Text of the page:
Legal Landscape: Vague Laws, Complex Compliance Policies and the Web All Contribute to Skyrocketing Litigation

Article excerpt

What are some of the key legal issues facing school district administrators in terms of special education?

Unfortunately; we are in a tremendously litigious environment. Special education litigation has just skyrocketed, particularly in the last couple of years.

What's driving this?

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First of all, the law is not clear. It leaves tons of unanswered questions. Second, the law is so complex that it is essentially impossible for schools to be in 100 percent compliance with all of the procedural technicalities.

What's the core conflict behind special education lawsuits?

Certainly if Congress appropriated everything that the districts needed to meet all of the various needs of all of the children with disabilities, then, of course, there probably would never be disputes. In most cases that go to court, you see that the parents feel the student is not receiving a free appropriate public education, whereas the school system believes it is providing a free appropriate public education. Of course, the Supreme Court ruled back in 1982 that the standard isn't "best" education but simply "appropriate" education. Many of the cases come down to what is appropriate.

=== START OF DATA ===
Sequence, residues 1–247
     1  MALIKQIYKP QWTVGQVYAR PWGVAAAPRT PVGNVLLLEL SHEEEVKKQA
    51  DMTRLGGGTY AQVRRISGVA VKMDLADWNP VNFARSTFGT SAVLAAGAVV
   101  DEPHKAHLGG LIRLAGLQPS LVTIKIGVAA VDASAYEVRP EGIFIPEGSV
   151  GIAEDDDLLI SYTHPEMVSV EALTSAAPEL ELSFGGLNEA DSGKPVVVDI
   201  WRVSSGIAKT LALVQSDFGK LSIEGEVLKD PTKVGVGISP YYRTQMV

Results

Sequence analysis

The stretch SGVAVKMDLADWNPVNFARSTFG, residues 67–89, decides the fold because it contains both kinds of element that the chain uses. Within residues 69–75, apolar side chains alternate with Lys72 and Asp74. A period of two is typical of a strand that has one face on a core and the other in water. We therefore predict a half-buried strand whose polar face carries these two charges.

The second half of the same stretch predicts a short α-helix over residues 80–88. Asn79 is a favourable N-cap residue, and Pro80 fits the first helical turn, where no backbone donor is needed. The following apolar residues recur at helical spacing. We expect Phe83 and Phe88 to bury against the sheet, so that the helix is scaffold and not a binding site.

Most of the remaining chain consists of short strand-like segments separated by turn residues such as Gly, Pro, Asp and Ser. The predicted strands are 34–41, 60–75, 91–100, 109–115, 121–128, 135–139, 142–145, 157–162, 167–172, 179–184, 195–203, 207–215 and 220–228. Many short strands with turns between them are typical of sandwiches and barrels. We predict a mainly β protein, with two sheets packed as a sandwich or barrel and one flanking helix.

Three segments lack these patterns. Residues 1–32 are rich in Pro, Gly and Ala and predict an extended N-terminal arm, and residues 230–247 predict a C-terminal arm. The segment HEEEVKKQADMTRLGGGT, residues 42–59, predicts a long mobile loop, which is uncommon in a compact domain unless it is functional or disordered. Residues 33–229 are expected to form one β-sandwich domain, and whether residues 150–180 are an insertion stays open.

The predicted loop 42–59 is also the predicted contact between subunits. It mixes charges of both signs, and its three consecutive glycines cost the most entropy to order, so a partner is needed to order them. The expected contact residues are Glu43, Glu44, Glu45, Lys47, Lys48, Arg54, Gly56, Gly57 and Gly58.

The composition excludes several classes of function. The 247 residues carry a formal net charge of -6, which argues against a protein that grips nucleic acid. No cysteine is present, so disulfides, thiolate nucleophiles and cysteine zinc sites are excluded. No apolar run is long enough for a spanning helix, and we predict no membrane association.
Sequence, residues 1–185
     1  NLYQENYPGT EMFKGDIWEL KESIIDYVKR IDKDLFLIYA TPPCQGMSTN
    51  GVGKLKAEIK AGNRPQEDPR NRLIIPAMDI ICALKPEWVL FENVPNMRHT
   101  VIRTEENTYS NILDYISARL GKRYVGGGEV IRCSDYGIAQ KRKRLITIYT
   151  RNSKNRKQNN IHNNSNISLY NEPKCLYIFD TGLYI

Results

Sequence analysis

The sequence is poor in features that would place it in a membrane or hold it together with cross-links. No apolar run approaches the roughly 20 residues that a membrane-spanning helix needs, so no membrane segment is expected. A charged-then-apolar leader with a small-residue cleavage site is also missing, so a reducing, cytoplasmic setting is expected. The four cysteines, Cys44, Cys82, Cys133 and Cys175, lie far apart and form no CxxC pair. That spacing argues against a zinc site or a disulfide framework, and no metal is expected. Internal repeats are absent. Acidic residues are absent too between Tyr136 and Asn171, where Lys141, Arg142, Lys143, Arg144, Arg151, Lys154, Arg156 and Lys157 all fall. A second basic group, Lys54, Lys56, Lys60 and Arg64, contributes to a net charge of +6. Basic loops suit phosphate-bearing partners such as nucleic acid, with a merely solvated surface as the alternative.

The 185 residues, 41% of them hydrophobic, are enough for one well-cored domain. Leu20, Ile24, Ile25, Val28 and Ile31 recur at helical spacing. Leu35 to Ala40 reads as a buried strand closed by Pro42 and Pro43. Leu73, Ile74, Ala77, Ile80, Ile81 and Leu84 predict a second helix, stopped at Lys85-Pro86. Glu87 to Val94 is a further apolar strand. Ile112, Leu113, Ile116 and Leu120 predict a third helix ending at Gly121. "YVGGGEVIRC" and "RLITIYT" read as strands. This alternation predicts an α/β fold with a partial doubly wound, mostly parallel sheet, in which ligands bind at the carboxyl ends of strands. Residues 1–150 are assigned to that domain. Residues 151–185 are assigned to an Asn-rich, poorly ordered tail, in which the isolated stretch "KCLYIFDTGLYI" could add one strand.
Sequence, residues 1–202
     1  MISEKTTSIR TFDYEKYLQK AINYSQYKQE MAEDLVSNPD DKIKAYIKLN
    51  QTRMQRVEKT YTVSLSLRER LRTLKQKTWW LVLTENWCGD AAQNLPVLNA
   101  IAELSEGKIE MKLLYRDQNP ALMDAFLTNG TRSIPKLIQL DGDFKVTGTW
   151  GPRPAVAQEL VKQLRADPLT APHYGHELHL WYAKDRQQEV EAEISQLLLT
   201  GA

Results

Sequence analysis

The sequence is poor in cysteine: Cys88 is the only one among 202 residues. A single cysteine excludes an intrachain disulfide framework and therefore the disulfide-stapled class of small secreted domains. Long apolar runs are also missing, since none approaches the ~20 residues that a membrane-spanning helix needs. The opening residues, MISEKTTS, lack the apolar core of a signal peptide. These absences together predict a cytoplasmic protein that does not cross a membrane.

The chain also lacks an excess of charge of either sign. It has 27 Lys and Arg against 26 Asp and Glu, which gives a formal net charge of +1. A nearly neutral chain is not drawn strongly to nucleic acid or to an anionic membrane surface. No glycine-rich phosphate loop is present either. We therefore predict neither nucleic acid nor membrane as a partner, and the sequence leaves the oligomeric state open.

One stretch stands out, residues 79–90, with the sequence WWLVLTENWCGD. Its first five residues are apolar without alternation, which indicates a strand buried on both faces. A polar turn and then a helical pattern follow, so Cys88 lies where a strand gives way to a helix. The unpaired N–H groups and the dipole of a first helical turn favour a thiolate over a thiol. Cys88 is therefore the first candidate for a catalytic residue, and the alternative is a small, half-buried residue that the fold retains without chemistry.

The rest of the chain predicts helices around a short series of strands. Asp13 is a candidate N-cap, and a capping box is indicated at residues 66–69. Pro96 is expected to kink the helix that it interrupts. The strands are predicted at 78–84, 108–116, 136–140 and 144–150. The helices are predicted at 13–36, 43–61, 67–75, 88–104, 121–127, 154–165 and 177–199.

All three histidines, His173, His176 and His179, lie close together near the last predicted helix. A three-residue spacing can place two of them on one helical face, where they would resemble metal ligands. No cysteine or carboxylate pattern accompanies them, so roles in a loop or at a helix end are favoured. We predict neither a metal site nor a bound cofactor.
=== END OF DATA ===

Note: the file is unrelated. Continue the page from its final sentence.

Do you see any trends in the litigation arena?

Autism is just huge in the litigation arena, and has been for the last decade. In many of these cases, parents want either private school, private home services or maybe even a residential facility, 24-hour care. And because that's a significant cost for a school district, a lot of school boards choose to defend their own programs because if they pay for private school for one child it becomes a precedent.

What role has the Web played?

Much of the increase in litigation can be explained by the Web and all the information out there. There are Web sites that give parents a roadmap for how to set up the educators at your next IEP meeting, how to prepare to sue for your autistic child to go to a private school. Whether it's misinformation or not--and many times I believe it is misinformation--the Web kind of encourages parents to gather together and sue. …